Anno Domini 166.. he maried his 2d wife, < Margaret > Brookes, a very beautifull young lady; Sir John was ancient and limping. The duke of Yorke fell deepely in love with her, though (I have been morally assured) he never had carnall knowledge of her. This occasioned Sir John's distemper of madnesse in 166.., which first appeared when he went from London to see the famous free-stone quarries at Portland in Dorset, and when he came within a mile of it, turned back to London again, and did a not see it. He went to Hownslowe, and demanded rents of lands he had sold many yeares before; went to the king, and told him he was the Holy Ghost. But it pleased God that he was cured of this distemper, and writt excellent verses (particularly on the death of Mr. Abraham Cowley) afterwards. His 2d lady had no child; was poysoned by the hands of Co. of Roc. with chocolatte.
At the coronation of King Charles II he was made Knight of the Bath.
He dyed (vide A. Wood's Antiq. Oxon.) at the house of his office (which he built, as also the brick-buildings next the street in Scotland-yard), and was buried, anno Domini 1668|9 March the 23, in the south crosse aisle of Westminster Abbey, neer Sir Jeffrey Chaucer's monument, but hitherto (1680) without any memoriall for him.
Memorandum: — the parsonage-house at Egham (vulgarly called The Place) was built by baron Denham; a house very convenient, not great, but pretty, and pleasantly scituated, and in which his son, Sir John., (though he had better seates), did take most delight in. He sold it to John Thynne, esq. In this parish is a place called Cammomill-hill, from the cammomill that growes there naturally; as also west of it is Prune-well-hill (formerly part of Sir John's possessions), where was a fine tuft of trees, a clear spring, and a pleasant prospect to the east, over the levell of Middlesex and Surrey. Sir John tooke great delight in this place, and was wont to say (before the troubles) that he would build there a retiring-place to entertaine his muses; but the warres forced him to sell that as well as the rest. He sold it to Mr. ... Anstey. In this parish W. and by N. (above Runney Meade) is Cowper's Hill, from whence is a noble prospect, which is incomparably well described by that sweet swan, Sir John Denham; printed first at Oxon shortly after Edghill fight, 1642|3.
Memorandum: — he delighted much in bowles, and did bowle very well.
He was of the tallest, but a little incurvetting at his shoulders, not very robust. His haire was but thin and flaxen, with a moist curle. His gate was slow, and was rather a stalking (he had long legges), which was wont to putt me in mind of Horace, De Arte Poetica:—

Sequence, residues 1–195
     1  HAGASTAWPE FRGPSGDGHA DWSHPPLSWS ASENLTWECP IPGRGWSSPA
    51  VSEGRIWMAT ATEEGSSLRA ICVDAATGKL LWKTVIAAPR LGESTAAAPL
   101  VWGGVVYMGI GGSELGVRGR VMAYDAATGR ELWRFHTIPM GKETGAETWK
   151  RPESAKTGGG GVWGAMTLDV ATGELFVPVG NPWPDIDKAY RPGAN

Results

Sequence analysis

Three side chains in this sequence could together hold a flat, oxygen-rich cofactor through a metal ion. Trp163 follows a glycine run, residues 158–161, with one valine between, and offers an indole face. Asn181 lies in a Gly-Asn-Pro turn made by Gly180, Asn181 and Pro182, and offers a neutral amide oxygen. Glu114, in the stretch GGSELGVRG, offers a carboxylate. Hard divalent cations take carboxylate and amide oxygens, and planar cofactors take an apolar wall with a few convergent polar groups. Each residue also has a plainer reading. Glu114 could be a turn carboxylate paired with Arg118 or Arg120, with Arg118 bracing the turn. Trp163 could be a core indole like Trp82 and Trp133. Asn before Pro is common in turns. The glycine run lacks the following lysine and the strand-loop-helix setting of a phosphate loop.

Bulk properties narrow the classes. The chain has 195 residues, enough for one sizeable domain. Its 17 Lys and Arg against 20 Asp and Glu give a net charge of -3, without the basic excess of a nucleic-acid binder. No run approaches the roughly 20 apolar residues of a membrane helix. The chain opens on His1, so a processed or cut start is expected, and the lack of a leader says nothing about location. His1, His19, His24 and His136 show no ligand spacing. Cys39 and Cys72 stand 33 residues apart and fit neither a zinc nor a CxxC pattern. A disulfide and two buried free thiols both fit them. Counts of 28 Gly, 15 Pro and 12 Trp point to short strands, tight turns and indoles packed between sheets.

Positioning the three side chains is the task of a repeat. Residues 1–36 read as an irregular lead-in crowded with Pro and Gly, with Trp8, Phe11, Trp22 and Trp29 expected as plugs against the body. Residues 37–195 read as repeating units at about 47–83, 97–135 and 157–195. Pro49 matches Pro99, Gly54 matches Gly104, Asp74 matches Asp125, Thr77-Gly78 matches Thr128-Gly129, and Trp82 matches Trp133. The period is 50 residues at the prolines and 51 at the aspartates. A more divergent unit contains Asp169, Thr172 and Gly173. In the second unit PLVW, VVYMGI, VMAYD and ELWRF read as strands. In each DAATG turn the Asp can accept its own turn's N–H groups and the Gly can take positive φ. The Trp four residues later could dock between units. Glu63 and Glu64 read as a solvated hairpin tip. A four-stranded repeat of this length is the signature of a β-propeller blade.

Hic, dum sublimes versus ructatur, et errat
Si veluti merulis intentus decidit auceps
In puteum foveamve:—
His eie was a kind of light goose-gray, not big; but it had a strange piercingness, not as to shining and glory, but (like a Momus) when he conversed with you he look't into your very thoughts.
He was generally temperate as to drinking; but one time when he was a student of Lincolne's-Inne, having been merry at the taverne with his camerades, late at night, a frolick came into his head, to gett a playsterer's brush and a pott of inke, and blott out all the signes between Temple-barre and Charing-crosse, which made a strange confusion the next day, and 'twas in Terme time. But it happened that they were discovered, and it cost him and them some moneys. This I had from R. Estcott, esq., that carried the inke-pott.
In the time of the civill warres, George Withers, the poet, begged Sir John Denham's estate at Egham of the Parliament, in whose cause he was a captaine of horse. It < happened > that G. W. was taken prisoner, and was in danger of his life, having written severely against the king, &c. Sir John Denham went to the king, and desired his majestie not to hang him, for that whilest G. W. lived he should not be the worst poet in England.
Scripsit the Sophy: Cowper's Hill: Essay against Gameing: Poems, 8vo, printed anno Domini ...; Cato Major sive De Senectute, translated into English verse, London, printed by H. Heringman, in the New Exchange, 1669.
Memorandum: — in the verses against Gondibert, most of them are Sir John's. He was satyricall when he had a mind to it.